World reacts to Salman Rushdie stabbing
Western authors and officials have strongly condemned the attack on Indian-born British-American novelist Salman Rushdie, who was stabbed in New York state on Friday. Iranian media and officials, however, reacted by recalling the reasons that prompted the Islamic Republic’s former leader, Ayatollah Khomeini, to issue the fatwa calling for the writer’s death in 1989.
French President Emmanuel Macron blasted the author’s stabbing as a “cowardly attack by the forces of hatred and barbarism,” adding that the “fight against obscurantism” that Rushdie was engaged in is “universal.”
Outgoing UK Prime Minister Boris Johnson said he was “appalled” by the incident, adding that the author of ‘The Satanic Verses’ was “exercising a right we should never cease to defend.” White House National Security Advisor Jake Sullivan also called the attack on Rushdie “appalling,” while thanking the first responders for “helping him so swiftly.”
The 75-year-old, who remains in serious condition in a hospital following the attack, also received words of support from a number of prominent writers. JK Rowling, the author of the Harry Potter series, called the news about the attack “horrifying.” Stephen King expressed hope that Rushdie is OK, while blasting the assailant in harsh terms.
Booker Prize-winning author Ian McEwan called the attack “an assault on freedom of thought and speech.” Another winner of the Booker Prize, Arundhati Roy, said the assault on Rushdie was “really destabilizing for a lot of us.” Suzanne Nossel, the head of PEN America, an organization that defends freedom of expression for writers, also condemned what she called the “brutal premediated” assault on Rushdie. “We hope and believe fervently that his essential voice cannot and will not be silenced,” she added.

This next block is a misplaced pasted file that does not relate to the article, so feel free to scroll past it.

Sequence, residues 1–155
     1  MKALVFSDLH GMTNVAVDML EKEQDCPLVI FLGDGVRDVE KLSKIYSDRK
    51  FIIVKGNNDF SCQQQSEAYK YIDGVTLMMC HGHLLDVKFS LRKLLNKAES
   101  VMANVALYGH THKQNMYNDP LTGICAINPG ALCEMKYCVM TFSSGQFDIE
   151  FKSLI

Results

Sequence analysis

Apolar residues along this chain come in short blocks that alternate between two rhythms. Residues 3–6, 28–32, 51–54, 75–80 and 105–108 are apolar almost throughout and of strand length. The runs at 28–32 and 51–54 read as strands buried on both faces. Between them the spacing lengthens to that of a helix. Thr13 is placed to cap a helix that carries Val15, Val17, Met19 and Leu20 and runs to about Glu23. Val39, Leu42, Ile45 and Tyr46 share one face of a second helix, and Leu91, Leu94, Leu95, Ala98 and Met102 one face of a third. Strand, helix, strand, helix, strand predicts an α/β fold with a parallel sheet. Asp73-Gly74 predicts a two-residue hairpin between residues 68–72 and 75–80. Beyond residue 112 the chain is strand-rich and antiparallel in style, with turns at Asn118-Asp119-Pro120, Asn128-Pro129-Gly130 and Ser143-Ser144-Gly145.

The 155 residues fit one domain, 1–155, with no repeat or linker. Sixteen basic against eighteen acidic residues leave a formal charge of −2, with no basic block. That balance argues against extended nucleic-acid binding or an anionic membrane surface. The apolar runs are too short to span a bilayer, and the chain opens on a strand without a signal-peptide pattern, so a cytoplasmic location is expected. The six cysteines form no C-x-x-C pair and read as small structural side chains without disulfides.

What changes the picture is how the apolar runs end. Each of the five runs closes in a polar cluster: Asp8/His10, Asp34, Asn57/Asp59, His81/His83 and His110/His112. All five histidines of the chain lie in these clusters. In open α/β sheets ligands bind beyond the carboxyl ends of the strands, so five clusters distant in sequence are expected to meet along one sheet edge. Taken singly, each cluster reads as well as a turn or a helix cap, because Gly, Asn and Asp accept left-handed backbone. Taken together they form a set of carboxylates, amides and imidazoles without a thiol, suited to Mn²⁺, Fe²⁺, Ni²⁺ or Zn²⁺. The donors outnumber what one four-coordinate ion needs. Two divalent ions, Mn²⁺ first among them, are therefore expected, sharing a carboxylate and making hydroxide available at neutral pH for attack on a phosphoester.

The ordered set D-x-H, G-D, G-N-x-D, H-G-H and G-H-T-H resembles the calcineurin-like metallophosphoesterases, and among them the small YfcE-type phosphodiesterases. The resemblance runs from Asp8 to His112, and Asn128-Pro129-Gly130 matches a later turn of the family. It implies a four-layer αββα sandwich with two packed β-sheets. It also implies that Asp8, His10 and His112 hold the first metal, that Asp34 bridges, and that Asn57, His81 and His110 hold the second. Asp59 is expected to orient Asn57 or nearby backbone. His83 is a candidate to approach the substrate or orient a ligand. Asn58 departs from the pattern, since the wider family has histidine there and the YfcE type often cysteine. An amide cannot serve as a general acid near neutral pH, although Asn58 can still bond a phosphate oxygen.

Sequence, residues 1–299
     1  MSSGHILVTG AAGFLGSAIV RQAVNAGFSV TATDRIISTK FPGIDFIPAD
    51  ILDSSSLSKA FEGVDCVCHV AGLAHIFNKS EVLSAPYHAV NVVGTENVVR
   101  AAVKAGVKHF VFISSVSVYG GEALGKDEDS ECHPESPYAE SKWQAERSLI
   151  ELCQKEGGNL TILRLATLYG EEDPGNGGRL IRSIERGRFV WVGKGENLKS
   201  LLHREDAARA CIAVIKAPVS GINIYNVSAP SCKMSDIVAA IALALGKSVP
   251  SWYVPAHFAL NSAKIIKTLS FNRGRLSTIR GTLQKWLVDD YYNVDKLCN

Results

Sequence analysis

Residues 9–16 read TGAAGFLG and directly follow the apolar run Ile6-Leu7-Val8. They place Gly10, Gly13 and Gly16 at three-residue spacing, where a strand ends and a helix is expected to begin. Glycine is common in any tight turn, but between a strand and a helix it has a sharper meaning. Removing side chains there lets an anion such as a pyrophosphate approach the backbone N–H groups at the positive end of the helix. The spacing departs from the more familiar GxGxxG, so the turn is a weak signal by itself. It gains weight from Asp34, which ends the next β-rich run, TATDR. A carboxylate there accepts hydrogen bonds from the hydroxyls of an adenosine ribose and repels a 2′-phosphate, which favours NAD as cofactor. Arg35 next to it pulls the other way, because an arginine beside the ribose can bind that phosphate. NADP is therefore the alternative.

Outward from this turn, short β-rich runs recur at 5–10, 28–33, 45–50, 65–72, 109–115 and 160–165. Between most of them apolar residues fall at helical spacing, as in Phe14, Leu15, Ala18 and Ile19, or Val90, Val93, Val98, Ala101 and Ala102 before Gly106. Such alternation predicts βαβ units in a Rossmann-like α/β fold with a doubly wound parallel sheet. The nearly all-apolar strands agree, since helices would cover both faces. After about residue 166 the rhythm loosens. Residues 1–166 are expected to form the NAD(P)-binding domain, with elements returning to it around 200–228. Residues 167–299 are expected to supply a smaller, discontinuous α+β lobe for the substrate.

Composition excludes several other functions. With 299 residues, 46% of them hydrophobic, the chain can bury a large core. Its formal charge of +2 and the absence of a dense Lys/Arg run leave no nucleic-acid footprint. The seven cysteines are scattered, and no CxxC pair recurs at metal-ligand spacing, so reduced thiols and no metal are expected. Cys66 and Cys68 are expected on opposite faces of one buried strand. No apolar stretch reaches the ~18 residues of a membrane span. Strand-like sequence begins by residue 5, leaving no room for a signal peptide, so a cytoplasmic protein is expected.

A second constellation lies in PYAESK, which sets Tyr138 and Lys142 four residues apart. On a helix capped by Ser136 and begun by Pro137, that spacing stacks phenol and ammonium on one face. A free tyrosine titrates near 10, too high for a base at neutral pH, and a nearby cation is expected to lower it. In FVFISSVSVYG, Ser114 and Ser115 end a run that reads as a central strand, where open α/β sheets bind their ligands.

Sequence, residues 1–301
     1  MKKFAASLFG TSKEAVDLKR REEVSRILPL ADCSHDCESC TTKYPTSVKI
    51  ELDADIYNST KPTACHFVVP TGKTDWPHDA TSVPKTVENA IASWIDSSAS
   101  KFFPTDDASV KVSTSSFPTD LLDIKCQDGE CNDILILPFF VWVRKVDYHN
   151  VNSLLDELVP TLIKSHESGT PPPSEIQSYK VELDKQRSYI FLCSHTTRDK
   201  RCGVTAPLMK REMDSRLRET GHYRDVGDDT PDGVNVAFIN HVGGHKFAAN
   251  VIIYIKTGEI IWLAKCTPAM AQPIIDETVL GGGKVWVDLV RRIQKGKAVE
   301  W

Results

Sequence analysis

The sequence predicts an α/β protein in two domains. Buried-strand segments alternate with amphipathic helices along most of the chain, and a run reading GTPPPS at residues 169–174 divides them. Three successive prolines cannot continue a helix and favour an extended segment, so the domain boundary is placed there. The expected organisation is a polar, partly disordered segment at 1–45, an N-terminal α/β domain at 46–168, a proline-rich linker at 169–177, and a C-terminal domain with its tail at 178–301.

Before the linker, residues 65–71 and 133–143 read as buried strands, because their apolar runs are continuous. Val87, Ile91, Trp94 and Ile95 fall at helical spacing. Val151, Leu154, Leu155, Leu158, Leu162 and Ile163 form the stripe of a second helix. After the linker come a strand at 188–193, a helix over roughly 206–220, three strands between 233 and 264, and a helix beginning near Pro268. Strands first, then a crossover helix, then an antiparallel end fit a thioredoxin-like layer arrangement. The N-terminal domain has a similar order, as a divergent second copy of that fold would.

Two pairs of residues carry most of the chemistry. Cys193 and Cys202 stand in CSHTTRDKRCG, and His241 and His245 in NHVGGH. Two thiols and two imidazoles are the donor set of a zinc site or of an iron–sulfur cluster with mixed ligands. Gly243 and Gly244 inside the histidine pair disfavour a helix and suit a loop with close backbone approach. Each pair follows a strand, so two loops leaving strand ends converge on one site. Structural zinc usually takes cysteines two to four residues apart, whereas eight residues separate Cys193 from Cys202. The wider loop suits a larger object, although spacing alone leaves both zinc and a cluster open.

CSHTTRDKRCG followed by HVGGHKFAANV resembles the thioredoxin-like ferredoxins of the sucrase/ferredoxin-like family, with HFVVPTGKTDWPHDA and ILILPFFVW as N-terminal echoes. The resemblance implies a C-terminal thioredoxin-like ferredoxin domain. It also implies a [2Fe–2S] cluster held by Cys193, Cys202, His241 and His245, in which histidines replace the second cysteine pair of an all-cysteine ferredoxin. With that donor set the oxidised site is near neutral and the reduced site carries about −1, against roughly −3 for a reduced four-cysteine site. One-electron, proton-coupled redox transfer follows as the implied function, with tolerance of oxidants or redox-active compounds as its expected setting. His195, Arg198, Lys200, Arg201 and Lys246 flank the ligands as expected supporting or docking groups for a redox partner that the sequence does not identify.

Meanwhile, Iranian media has also closely followed the developments around the attack. Some of the seemingly more hardline outlets even wrote about it in positive terms. The Asr Iran outlet cited Supreme Leader Ayatollah Khamenei as saying that the “arrow” shot by his predecessor “will one day hit the target.” The news outlet detailed the circumstances of the death sentence issued in Iran against Rushdie in a lengthy piece that portrayed the publication of ‘The Satanic Verses’ as part of a Western campaign against Islam and Iran.
The newspaper Kayhan published a piece in which it described Rushdie’s attacker as a brave person while branding the author himself “an apostate.” Another Iranian newspaper, the Khorasan daily, published a story titled, ‘Satan on the way to hell’.
Iran’s major news agencies, meanwhile, have taken a somewhat more subdued tone in describing the incident. IRNA news agency published a recap of a 2008 piece in which the publication of ‘The Satanic Verses’ was described as part of the Western “cultural invasion” targeting Iran and seeking to tarnish the supposedly growing appeal of Islam in the world and the “awakening” of Muslims.
Mehr News Agency issued a piece explaining Khomeini’s decision to call for Rushdie’s execution, saying that “the profound understanding and foresight of [Ayatollah Khomeini] has been clearly proven” decades after the order was issued.
Mohammad Marandi, an adviser to the Iranian delegation at the Vienna talks aimed at reviving the 2015 nuclear deal, questioned the timing of the attack by saying that it took place as “we [were] near a potential nuclear deal.” He also called Rushdie a “pawn of the empire” and said he would not be “shedding tears” for an author who he says “spouts endless hatred and contempt for Muslims and Islam.”
Award-winning novelist Salman Rushdie was stabbed at a public event in New York state on Friday. He has repeatedly received death threats from Islamists for his work. ‘The Satanic Verses’ is seen as particularly offensive by many Muslims. Following the attack, the author was placed on a ventilator and has been unable to speak, according to his agent.